After months of cooling, more Americans signed contracts to purchase homes in May. This is a remarkable rebound after months of cooling.
The National Association of Realtors’ index of home sales pending rose by 8% to 114.7 last month. This is the highest May reading since 2005. This is an increase of 106.2 from April. An index of 100 equals the level of contract activity for 2001.
With the country still in the grips of the coronavirus epidemic, contract signings are 13.1% higher than they were one-to-two years ago. This is the second month-overmonth increase in 2021, but it could be a sign of a strong end to the summer season.
There are plenty of buyers out there, but many have been driven from their homes by a lack of properties to sell. This, along with rising costs of materials, has caused home prices to soar.
The Commerce Department reported last week that new home sales fell for the second consecutive month. After a 7.8% decline in April, the May 5.9% drop was followed by a 5.9% increase in May. The median sale price for a new house in May was $374,400. This is 18.1% more than a year ago.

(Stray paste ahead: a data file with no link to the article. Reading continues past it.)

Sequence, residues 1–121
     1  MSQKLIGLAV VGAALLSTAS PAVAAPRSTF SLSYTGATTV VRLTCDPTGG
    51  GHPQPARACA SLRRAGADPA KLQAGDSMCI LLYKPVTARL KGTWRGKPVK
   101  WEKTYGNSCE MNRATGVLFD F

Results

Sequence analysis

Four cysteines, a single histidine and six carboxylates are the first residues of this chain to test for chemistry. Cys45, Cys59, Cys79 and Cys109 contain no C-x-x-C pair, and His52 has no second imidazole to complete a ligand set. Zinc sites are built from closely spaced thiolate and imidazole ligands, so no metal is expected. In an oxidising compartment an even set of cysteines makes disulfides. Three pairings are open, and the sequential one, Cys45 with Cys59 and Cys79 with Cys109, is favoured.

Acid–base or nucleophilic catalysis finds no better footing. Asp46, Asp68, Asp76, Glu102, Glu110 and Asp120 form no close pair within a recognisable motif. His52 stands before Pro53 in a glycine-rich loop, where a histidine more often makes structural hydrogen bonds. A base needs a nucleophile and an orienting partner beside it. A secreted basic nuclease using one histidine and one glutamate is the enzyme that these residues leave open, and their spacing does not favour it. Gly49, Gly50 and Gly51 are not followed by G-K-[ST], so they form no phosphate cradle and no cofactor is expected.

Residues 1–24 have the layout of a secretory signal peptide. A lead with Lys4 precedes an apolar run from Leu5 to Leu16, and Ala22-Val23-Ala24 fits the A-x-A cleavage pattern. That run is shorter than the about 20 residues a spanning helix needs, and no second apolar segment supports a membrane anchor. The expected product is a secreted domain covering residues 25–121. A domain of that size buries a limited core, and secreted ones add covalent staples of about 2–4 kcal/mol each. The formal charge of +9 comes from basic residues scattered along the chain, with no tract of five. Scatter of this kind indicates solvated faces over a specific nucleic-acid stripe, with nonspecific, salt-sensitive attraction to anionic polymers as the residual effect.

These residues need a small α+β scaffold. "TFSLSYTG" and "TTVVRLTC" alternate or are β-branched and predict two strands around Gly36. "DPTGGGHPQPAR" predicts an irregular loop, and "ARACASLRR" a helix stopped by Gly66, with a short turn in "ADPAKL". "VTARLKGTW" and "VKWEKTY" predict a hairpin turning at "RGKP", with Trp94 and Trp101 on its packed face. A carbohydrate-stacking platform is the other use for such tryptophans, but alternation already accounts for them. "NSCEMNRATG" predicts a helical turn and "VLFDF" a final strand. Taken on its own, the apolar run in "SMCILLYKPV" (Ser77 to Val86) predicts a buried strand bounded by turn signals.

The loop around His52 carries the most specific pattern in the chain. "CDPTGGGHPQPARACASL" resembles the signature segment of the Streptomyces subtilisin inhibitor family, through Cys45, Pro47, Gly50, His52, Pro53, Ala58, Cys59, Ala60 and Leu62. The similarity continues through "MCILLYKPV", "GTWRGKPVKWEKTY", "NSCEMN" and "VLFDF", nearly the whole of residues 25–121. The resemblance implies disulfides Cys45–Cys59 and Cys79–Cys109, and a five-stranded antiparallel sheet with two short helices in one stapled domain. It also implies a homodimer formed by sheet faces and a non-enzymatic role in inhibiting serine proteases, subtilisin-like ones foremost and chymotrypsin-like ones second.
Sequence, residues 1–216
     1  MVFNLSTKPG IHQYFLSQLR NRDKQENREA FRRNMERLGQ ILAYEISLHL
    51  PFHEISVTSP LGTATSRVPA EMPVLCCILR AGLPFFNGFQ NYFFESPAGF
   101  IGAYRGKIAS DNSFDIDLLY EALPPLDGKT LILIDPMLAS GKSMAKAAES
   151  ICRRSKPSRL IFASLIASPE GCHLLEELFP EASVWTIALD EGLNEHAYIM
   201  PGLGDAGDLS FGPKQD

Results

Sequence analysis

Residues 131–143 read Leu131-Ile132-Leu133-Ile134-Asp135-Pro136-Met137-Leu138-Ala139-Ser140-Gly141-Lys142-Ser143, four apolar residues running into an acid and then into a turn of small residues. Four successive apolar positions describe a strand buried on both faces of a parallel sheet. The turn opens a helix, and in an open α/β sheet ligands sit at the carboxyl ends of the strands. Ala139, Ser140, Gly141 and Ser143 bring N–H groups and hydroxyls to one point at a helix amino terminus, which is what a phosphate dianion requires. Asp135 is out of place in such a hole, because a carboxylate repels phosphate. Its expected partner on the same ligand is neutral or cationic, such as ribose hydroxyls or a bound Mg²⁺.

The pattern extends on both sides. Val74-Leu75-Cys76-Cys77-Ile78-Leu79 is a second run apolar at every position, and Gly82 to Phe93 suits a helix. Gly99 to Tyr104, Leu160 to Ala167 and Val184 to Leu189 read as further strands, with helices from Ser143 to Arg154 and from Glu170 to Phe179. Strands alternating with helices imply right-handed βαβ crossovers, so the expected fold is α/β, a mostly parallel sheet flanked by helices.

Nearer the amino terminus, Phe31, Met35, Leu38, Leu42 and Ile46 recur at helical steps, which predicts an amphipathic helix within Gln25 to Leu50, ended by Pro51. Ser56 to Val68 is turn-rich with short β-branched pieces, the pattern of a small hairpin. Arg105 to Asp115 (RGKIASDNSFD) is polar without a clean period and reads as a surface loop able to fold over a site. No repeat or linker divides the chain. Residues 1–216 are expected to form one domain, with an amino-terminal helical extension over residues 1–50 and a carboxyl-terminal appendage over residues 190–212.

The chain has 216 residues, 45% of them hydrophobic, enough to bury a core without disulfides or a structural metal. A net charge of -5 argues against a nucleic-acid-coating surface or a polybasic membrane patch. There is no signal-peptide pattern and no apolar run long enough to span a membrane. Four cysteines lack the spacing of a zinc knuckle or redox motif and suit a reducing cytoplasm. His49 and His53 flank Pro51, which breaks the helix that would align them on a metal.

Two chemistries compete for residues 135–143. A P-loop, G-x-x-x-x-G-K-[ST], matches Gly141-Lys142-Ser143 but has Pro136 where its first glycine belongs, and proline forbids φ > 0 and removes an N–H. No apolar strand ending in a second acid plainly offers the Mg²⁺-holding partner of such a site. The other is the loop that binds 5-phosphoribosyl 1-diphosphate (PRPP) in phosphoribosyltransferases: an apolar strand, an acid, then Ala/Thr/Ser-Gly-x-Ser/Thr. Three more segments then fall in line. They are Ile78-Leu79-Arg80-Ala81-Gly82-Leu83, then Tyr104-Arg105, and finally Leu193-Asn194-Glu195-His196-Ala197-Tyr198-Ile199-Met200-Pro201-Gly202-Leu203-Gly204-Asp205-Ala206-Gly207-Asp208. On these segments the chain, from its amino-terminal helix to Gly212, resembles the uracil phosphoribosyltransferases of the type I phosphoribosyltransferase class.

NAR reported last week that previously-occupied homes sales fell for the fourth consecutive month in May. Last month’s median sale price of an existing home was $350,000. This is a record-breaking figure and likely to be a problem for many potential home buyers, especially first-timers.
Chief economist at the NAR Lawrence Yun said that he expects more listings in 2021’s second half as homebuilding picks back up and federal mortgage forgiveness program winds down. Home buyers should not expect prices to drop too much despite lumber prices slightly falling.
Yun stated that “Home price growth will moderate with an increase in supply but a wide and prolonged fall in prices is unlikely.”
All four regions of the United States saw increases in contract signings over the previous month. The Northeast saw a 15.5% increase in May.